Wednesday, April 1, 2015

Comcast and Time Warner Cable: An Update on the State of the Cable Industry

It's been over a year since the announcement of Comcast's intention to buy Time Warner Cable and there's still no approval decision by the FCC and Department of Justice. It's been a while since I've posted anything about it, so figured I'd give an update and some further thoughts.

The current status is that the FCC and Department of Justice review of the merger is on hold. The delay is due to a pending court decision on 3rd party disclosure of channel material information including pricing. The FCC believes it to be useful in reviewing the merger, while a few channels (including Disney and CBS) want to keep it private.

In a U.S. News and World Report article, Comcast Merger Rejection Could Doom Cable, Tom Risen writes that the once sure approval is now uncertain. While I don't buy that (they'll get it approved), he goes into the scenarios of the merger passing or not.

If It's Approved

If the merger is approved, expect to see a lot more consolidation. AT&T/DirecTV is the next biggest merger (also on hold pending the court decision).

Just announced is Charter Communications' deal to buy Bright House for $10.4 billion. The acquisition, contingent on the Comcast/Time Warner Cable merger being approved, will make Charter the 2nd largest U.S. cable provider. Dish Network is heavily rumored to be the next to be snatched up by one of the remaining cable companies if this all goes through.

With the cable companies merging to increase their ability to secure better channel contracts, the trend will extend to the parent channel companies to counter their negotiating power. 

From a consumer standpoint, the consolidations will lead to fewer choices. Fewer choices will lead to higher rates. Part of Comcast's argument for approval of the merger is that lower channel costs (they hope to negotiate for) will lead to lower customer rates. Anyone buying that? At best, rates will remain steady for a short timeframe - my guess is two years.

Will customer service improve? Ok, you can stop laughing now...


If It's Denied

Here's where Risen's article gets interesting. He says that if the merger is not approved, it'll lead to the doom of cable. Aren't we already there either way?

Besides ending the trend of mergers (which would be a good thing!), he says it would lead to more providers exploring more offering online video services. Oh, they would start offering packages people actually want? Sounds like win/win to me.

TV Everywhere, the cable industry's version of online video, is getting to be a pretty good service. There's just one catch. You've got to have a regular cable subscription to access it. It doesn't solve the issue of people not wanting to pay high cable prices.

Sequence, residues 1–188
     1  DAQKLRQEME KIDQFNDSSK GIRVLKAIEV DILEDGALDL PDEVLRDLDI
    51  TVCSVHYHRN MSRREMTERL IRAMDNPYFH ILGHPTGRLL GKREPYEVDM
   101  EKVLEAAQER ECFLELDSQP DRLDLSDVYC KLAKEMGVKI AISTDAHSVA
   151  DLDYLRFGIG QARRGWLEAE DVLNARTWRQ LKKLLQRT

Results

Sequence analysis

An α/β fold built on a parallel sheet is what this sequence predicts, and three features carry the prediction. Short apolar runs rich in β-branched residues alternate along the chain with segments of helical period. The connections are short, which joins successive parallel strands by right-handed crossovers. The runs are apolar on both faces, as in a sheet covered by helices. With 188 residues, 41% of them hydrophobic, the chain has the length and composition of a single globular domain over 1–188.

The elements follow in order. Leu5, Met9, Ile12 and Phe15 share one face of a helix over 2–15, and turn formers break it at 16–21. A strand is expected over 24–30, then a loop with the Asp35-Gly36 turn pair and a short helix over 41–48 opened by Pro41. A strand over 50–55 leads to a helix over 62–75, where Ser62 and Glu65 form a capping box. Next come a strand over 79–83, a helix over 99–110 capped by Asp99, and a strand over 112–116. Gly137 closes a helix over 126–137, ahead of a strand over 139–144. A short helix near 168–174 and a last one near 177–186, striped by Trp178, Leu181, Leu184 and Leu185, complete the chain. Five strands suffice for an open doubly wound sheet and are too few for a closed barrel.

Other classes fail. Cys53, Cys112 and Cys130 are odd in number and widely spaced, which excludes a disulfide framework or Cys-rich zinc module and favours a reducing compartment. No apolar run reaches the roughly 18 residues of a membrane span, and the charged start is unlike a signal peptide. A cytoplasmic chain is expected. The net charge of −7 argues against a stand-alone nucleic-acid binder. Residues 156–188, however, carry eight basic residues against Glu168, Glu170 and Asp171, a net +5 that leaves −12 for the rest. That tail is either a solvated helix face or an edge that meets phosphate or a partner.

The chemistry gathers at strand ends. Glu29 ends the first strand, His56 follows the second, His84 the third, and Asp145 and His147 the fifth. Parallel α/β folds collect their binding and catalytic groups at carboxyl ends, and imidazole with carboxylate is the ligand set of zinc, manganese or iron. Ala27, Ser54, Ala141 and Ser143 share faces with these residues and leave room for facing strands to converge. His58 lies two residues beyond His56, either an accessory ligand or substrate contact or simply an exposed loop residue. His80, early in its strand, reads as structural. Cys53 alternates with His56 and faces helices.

HBO and CBS have announced online only packages. See my thoughts on these here. HBO Now has since announced their service will be $14.99/month and available exclusively on Apple TV for the first three months when it launches next month. 

Dish Network's Sling TV is an over-the-top Internet TV option for around $20/month. This package includes ESPN. That's big because it is an expensive channel. ESPN's Senior Director of Digital Strategy Tom Condon says they are targeting "cord-never-haves", not "cord cutters". They're going after the younger generation that have never paid for cable and trying to ease them into a subscription service.

The job outlook whether the merger is approved or denied looks bleak. If there are mergers, workers will be let go. If it's approved, the companies will downsize and cut jobs. Unfortunately, I don't see a benefit to either choice.

Final Take

Overall, although I hope the merger is denied, I'm still pretty confident it will pass. I do believe either way the cable industry is doomed. Just like the music and newspaper industries, it hasn't evolved with the changing times. Their business models are outdated and their technology is slow to adapt. Not a good combination. Customers have been telling them what they want for years (a la carte pricing, cheaper channel package options), yet they're ignored.

Their saving grace may be their internet service which they hugely overprice (the good margins make up for the bad video margins). But, even that can only take them so far. As cell phone companies continue improving their data plans, customers may begin opting for smartphone only access. It's only a matter of time before the time spent on an actual computer decreases enough to make it hard to justify $50-$70 per month.

Well, that's my thoughts. What are yours? Have I missed any major points? What are you hoping happens? Do you have any questions for me? Let me know in the comments below. As always, thanks for reading and please share this post.

If you like that post, you might like:


Are HBO and CBS Bringing About a Cable Revolution?  Oct. 24, 2014

Every Simpsons Ever: The Epic Marathon by FXX - But Now What?  Sept. 1, 2014
Netflix vs. Verizon: My Thoughts on the Latest  June 10, 2014

No comments:

Post a Comment